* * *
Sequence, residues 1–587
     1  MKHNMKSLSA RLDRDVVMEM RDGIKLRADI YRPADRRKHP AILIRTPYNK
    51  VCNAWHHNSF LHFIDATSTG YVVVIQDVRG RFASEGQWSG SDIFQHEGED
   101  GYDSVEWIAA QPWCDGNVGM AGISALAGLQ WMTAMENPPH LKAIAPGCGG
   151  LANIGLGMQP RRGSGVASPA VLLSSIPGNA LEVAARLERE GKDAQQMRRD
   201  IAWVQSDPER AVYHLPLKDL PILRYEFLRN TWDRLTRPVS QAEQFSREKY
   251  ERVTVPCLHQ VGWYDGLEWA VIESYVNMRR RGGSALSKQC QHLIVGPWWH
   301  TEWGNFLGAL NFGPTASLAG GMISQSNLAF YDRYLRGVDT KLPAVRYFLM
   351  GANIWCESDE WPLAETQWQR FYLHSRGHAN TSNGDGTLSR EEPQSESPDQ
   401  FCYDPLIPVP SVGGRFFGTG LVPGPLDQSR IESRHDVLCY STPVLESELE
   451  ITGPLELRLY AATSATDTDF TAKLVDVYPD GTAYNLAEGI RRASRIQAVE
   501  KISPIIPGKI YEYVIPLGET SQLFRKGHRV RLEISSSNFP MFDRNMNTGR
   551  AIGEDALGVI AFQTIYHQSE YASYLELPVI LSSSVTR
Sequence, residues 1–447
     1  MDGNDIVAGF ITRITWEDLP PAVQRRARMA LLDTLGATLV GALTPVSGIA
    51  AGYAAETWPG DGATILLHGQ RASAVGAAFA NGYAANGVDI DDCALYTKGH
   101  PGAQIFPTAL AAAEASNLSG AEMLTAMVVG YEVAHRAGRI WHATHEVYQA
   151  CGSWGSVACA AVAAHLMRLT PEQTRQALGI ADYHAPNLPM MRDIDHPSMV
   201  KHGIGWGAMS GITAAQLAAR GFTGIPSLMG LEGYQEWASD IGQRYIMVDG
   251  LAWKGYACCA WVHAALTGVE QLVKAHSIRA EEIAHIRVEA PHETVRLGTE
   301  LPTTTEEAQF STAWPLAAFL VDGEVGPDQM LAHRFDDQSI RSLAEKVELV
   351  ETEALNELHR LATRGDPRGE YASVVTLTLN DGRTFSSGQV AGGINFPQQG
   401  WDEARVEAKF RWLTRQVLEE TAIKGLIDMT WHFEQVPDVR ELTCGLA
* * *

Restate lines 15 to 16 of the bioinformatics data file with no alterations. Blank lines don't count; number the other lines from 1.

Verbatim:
     1  MDGNDIVAGF ITRITWEDLP PAVQRRARMA LLDTLGATLV GALTPVSGIA
    51  AGYAAETWPG DGATILLHGQ RASAVGAAFA NGYAANGVDI DDCALYTKGH